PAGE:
The broadcaster Jeremy Vine is facing angry calls for a personal apology after a member of his team published a social media post in his name that asked if it was time to “crack down” on sick and disabled people on out-of-work benefits.
The post on Twitter – which has since been deleted – even asked if such payments should be stopped.
It was the latest example of politicians and the media scapegoating disabled people for the country’s economic struggles.
And it echoes years of similar comments across the media and politics that have been blamed for driving an increase in disability hate crime.
The post from the “Jeremy Vine on 5” account – linked to his Channel 5 daytime discussion programme – said: “Is it time to crack down on jobless benefits?
“Nearly four million people in the UK are being supported by the state without ever having to look for a job.
“That’s because they’ve been deemed too sick to work. Is it wrong for taxpayers to fund them indefinitely?”
The post drew an immediate response from disabled campaigners, accusing the broadcaster of disablism, “trolling” and “demonising” sick and disabled people, and of being a “rabblerouser”.
Soon after Disability News Service asked Channel 5 if Vine (pictured) would apologise for the tweet, it was deleted.
The post came two weeks after a safeguarding review criticised the Department for Work and Pensions (DWP) for failings that contributed to the death of Errol Graham, a disabled man from Nottingham who starved to death after it wrongly stopped his out-of-work benefits*.
In April, Tom Pursglove, the minister for disabled people, posted a “hostile” video on social media suggesting disability benefit fraud was a serious problem, even though his own department released figures just weeks later showing only a tiny proportion of spending was paid out to fraudulent claims.
Rick Burgess, campaigns lead at Greater Manchester Coalition of Disabled People, said: “It is no accident that as the government plans to cut support for disabled people, the media again regurgitate hateful smears that demonise disabled people.
“This was not journalism, it was populist rhetoric to excite a baying mob.
“Jeremy Vine needs to apologise and do extensive work to make this right; simply deleting the tweet does nothing.”
Black Triangle, which was launched 13 years ago to defend disabled people from similar attacks, also condemned the tweet.
John McArdle, co-founder of Black Triangle, accused the programme of “defaming” and “scapegoating” disabled people and called on Vine to retract the statement.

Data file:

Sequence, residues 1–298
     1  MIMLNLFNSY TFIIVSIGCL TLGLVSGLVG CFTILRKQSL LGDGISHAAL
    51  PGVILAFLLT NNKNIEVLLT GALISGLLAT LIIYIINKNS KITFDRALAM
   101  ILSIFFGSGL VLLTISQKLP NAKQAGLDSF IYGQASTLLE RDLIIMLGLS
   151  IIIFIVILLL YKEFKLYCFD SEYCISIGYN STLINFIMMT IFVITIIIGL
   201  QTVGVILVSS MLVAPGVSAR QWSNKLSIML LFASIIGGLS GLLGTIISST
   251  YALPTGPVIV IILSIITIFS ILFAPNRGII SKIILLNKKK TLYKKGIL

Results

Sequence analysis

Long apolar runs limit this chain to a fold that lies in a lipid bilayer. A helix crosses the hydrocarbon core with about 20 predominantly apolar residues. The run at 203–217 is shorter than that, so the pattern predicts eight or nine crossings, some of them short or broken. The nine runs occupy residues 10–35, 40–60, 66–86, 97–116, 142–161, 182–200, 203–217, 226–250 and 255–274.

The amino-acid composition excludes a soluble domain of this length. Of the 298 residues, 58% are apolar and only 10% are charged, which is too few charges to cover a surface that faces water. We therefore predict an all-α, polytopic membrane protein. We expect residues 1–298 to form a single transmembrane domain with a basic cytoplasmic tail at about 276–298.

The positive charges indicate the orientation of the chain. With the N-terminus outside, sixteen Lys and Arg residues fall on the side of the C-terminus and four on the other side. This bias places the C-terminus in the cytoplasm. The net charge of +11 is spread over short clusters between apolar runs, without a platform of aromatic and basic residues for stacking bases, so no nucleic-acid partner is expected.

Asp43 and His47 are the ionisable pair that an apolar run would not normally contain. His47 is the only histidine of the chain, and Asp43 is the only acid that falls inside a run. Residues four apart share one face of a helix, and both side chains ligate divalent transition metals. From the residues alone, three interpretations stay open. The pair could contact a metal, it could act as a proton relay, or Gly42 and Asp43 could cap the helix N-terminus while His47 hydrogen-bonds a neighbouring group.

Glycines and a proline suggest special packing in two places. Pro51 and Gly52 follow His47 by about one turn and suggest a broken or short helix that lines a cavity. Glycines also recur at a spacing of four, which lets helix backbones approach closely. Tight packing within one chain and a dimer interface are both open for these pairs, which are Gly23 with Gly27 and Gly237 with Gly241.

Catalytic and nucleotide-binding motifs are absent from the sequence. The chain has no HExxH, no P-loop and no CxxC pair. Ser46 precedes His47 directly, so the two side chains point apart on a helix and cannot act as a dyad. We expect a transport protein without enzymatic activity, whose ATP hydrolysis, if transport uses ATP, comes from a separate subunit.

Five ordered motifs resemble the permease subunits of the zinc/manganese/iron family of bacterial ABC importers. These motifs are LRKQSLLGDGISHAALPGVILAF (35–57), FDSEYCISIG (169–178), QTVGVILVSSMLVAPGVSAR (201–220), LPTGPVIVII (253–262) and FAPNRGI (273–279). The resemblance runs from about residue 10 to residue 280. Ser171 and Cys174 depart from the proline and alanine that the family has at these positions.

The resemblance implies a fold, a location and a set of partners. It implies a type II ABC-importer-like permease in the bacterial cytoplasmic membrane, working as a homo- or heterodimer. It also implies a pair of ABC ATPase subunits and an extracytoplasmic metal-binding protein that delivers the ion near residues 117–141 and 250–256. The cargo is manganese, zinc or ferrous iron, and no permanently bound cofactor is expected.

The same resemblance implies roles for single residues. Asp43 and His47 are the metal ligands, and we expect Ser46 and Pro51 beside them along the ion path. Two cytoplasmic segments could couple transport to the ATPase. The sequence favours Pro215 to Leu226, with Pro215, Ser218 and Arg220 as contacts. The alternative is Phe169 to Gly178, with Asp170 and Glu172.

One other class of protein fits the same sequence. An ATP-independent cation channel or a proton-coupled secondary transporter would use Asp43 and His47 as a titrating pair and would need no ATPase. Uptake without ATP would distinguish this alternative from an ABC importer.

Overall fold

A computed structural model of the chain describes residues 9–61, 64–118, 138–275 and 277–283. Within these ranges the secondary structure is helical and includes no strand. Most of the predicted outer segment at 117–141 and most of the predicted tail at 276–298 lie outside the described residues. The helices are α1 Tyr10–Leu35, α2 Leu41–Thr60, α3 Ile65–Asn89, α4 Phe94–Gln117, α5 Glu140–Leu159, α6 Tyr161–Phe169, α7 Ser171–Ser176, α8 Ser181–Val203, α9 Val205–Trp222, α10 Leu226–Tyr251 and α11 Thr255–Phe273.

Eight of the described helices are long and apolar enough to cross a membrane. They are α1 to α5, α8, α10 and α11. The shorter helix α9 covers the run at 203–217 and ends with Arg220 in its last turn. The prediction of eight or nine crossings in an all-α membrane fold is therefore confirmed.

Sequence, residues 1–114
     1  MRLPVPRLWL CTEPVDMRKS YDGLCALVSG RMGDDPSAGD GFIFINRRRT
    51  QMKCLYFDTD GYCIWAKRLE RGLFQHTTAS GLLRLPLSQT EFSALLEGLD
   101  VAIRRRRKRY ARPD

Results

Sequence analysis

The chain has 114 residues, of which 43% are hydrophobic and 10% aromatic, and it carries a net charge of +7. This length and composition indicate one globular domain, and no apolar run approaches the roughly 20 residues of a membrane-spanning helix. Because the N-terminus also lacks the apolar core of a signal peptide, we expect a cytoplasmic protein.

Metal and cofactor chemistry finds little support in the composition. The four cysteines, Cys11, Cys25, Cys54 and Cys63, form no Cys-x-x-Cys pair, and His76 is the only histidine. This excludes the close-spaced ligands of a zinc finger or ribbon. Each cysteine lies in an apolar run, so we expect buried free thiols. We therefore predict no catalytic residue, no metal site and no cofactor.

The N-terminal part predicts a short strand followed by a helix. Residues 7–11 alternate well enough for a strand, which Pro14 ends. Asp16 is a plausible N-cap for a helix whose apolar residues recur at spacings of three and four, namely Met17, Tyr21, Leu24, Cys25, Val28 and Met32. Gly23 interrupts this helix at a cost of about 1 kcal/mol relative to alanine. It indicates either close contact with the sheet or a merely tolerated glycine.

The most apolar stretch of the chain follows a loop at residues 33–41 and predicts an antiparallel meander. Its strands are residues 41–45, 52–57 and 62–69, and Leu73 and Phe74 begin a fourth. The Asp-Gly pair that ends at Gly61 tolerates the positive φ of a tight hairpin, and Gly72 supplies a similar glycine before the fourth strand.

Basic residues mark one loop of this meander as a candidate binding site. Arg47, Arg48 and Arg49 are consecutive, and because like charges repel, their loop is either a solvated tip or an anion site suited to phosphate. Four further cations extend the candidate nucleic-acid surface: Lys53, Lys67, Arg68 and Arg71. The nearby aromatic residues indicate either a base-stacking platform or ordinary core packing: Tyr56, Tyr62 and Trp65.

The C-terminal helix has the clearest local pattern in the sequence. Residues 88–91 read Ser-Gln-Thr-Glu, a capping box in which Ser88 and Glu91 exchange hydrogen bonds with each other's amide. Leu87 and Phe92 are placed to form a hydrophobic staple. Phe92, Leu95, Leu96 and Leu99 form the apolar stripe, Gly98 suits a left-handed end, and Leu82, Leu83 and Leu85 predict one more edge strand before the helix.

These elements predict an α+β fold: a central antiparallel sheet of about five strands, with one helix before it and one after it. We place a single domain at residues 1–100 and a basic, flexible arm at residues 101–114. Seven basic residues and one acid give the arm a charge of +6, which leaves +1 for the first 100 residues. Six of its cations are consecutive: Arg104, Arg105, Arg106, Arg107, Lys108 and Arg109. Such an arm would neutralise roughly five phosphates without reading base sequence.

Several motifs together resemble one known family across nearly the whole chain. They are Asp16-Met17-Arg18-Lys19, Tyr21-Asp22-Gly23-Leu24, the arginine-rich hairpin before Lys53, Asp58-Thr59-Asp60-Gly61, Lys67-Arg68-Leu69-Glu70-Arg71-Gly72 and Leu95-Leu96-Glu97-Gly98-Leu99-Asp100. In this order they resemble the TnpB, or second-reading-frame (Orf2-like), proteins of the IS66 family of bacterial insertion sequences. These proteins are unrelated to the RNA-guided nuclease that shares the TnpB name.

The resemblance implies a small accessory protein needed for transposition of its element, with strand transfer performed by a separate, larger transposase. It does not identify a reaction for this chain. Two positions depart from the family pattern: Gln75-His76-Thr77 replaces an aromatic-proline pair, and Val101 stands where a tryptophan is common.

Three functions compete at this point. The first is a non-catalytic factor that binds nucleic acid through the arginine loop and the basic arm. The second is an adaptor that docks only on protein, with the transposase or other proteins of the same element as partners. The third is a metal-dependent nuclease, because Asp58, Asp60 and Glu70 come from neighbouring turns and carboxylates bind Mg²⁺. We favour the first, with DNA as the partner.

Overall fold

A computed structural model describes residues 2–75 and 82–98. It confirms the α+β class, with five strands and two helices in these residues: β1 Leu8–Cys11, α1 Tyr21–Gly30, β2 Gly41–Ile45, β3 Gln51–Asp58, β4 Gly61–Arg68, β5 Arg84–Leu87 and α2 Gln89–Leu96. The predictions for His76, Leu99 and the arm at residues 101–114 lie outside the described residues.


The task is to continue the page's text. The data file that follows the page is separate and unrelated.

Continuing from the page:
He said the return of the narrative that disabled people were a “burden on the economy” was “unbelievable” and “exhausting”, and he called on the Labour opposition to end its silence on such attacks.
Paula Peters, a member of the national steering group of Disabled People Against Cuts, said: “For 13 years, disabled people have endured hateful rhetoric from the government and mainstream media; we’ve been called scroungers, fraudsters and a lot worse.”
She said this had contributed to reports of disability hate crime to police doubling in just four years.
Speaking before the tweet was removed, she said that it “shows the vile rhetoric towards disabled people is still very much prevalent among the mainstream media, which continues to cause considerable distress to disabled people today.
“The offensive tweet should be removed without delay and Jeremy Vine should immediately apologise to disabled people for the distress [the] vile remarks have caused.”
Tori, founder of Ehlers-Danlos Teesside, and another disabled campaigner who saw the tweet, said that “ramping up the anti-welfare rhetoric” by the media “sets a dangerous precedent to allow people to question disabled and chronically ill people’s validity”.
She said that allowing the media to portray such a line of questioning as “legitimate debate” was “abhorrent” in a society where the government has “already overseen the active persecution of not only disabled but actual dying human beings, where suicide rates are skyrocketing”.
Tori said such rhetoric “encourages ableism and in turn eugenics”.
Vine has so far failed to comment, apologise for the tweet put out under his name, or say what action he will take to ensure that such posts are not repeated.
Channel 5 has also failed to explain how the tweet was posted, what action it will take to avoid a repetition, and whether it understands the depth of anger about the post.
In a statement that appeared to repeat the disablism of the original tweet, a spokesperson for Channel 5 said: “The issue of benefits was front page news that morning after reports that millions of people were receiving benefits without ever having to look for work following a surge in claims of mental health issues and joint pain during lockdown.”
She said the tweet had been removed as it “could have been misconstrued, so [Channel 5] would like to apologise to anyone offended”.
She said the issue was eventually covered by a fellow presenter, Alexis Conran – whose programme comes under the “Jeremy Vine on 5” umbrella – and not by Vine, with what she said was a “fair and balanced” debate.
And she said the tweet had not come from Vine’s personal Twitter account.
Tori said Channel 5’s response was “absolutely ridiculous”.
She said: “It’s infuriating because you’ve got the government putting out videos of a minister in a fake police uniform with DWP on it and then you’ve got ableds discussing disabled people as if they are disposable and contribute nothing to society.
“Debating it is not OK. We’re living through a pandemic which is creating more disabled people.”
She said: “Why don’t they talk about that? It’s absolutely vile what they are doing.”
*Labour’s Debbie Abrahams has secured a parliamentary adjournment debate on Tuesday (6 June) into the safeguarding review and evidence secured by Disability News Service that DWP hid vital evidence from the review
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